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The Highest Height

For 9/11, a kid's diversion becomes a memorial.


Kites may seem frivolous, even symbols of childish joy, but they won't work unless you hold onto them...which is partly why Michael Sciaretti of Highland Park thought of them as a memorial to the victims of Sept. 11, 2001.

"That's part of what I consider the beauty of it," says Sciaretti. "It does require active participation. It's not a static memorial."

By Sept. 11 this year, Sciaretti will have distributed the first 3,066 kites to the survivors of the 9/11 terrorist attacks on New York City and the Pentagon, as well as to the families of those who died in the Somerset plane crash, he says. He's hoping they will fly the white kites, decorated with a red, white and blue ribbon, on the anniversary, wherever they happen to be. He hopes to sell another 2,000 kites, with proceeds going to memorials at all three sites.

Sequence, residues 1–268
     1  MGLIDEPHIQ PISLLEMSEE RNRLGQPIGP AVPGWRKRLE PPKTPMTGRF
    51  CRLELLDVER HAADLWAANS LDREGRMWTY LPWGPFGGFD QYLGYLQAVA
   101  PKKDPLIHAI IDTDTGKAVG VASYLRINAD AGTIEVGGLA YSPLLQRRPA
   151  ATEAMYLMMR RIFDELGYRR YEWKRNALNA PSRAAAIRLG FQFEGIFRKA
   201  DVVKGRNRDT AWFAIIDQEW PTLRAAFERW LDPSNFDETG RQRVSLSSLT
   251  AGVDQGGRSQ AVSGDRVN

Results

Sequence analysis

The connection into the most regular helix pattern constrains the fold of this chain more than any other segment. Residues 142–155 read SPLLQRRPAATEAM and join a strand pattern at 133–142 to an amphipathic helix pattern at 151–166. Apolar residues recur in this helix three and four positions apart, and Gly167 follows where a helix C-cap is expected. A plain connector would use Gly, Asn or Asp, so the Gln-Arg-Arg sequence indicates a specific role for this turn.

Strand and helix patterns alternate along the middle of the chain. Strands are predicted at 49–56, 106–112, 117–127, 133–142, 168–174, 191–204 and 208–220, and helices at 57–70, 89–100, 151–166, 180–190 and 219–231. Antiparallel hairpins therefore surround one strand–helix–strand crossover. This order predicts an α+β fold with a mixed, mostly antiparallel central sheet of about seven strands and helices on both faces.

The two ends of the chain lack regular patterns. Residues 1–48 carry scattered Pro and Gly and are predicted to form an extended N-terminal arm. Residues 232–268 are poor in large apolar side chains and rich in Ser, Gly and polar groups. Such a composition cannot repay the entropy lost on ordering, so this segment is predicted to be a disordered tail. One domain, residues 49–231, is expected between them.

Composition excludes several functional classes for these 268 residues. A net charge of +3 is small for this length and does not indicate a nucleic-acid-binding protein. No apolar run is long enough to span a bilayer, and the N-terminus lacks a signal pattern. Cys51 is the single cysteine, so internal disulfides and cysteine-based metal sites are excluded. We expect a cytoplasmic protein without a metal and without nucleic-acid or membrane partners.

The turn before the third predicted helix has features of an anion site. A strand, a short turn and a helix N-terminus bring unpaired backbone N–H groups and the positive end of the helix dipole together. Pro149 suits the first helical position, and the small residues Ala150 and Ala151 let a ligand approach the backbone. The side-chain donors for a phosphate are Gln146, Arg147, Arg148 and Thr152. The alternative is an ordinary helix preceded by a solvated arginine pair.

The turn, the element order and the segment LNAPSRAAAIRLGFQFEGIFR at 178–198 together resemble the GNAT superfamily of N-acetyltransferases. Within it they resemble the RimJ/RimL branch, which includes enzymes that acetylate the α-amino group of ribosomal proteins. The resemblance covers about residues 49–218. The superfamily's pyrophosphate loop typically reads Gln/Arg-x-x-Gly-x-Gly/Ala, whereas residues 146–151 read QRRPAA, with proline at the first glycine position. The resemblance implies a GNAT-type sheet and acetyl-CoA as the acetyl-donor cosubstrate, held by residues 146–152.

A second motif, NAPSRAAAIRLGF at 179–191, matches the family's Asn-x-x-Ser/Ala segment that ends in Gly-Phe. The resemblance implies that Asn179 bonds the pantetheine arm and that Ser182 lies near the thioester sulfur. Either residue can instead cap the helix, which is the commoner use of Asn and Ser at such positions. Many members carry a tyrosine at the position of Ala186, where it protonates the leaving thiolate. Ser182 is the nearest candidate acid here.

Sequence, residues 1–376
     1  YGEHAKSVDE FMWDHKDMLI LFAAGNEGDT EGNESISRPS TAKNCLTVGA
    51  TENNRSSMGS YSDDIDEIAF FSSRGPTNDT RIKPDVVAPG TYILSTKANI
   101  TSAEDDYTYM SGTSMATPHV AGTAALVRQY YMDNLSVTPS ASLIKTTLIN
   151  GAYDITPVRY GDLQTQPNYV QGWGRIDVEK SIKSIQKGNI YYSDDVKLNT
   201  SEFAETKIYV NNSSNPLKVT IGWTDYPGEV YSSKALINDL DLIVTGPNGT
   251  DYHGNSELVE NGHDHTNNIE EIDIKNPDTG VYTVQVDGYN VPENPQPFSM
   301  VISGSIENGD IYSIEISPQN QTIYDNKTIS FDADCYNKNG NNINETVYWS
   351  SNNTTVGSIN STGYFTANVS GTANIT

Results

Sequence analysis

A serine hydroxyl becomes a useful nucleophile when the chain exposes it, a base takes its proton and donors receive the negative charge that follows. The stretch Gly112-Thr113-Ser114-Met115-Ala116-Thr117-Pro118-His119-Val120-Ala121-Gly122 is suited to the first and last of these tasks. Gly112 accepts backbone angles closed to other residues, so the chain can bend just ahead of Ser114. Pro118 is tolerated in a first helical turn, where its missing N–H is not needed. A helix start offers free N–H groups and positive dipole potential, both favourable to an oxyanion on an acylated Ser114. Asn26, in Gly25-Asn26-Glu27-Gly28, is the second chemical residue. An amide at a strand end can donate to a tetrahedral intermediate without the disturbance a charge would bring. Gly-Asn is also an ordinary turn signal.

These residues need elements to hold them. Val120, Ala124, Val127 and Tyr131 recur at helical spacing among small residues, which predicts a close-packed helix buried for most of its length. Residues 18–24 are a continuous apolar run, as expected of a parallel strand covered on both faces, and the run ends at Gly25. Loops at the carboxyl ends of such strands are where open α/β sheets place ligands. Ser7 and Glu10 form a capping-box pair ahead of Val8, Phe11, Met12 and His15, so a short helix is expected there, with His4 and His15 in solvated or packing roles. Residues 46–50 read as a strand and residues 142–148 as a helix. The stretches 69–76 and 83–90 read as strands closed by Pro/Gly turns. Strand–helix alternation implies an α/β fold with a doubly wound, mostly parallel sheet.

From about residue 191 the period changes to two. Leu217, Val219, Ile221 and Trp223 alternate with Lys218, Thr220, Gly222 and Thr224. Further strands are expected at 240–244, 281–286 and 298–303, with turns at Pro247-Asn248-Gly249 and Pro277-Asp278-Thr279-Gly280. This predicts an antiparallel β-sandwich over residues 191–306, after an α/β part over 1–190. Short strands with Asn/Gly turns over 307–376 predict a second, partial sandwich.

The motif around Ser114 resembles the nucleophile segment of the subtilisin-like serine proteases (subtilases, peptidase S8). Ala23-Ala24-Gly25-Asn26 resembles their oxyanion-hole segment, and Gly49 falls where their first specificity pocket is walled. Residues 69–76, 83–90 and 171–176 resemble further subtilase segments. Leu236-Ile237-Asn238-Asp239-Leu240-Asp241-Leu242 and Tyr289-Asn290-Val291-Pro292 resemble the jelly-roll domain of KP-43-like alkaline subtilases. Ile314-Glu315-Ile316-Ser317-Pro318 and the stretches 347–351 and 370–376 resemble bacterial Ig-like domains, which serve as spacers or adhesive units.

"There's a beautiful innocence about it," he says of the idea, which he has funded with his own money, and the help of a Duquesne University small business center. "Because it's so mobile...because you can take it's something that can be done communally, or it can be done individually, like a meditation or a prayer. My intention is not to upstage [other] events. We want these to be a silent memorial."

The idea, he says, followed the death of his partner from AIDS in 1994. "I had such a difficult time with it. The thing that I couldn't deal with is the absolute absence from your life. The realization was so hard that it left me with little to no coping mechanisms. I just got really distraught one day, and I heard Stevie Wonder singing 'A Ribbon in the Sky For Our Love,' and I just went home and wrote the whole thing down.

"I thought about the AIDS quilt. The thing that's so magical and beautiful about the AIDS quilt is that it is made by the survivors. These kites, if you take a Sharpie pen, because they are white, you can draw anything on them – or just get a bunch of people to sign them. And it seemed appropriate and meaningful."

Sciaretti, the project supervisor for his family-owned construction company, Sciaretti Asphalt Paving, in Braddock, hopes his Memorial Kite Project will catch on as a fundraiser for other causes.

"There's been so much death and destruction and so much bad news," he says. "I'm happy to offer this as an alternative memorial."

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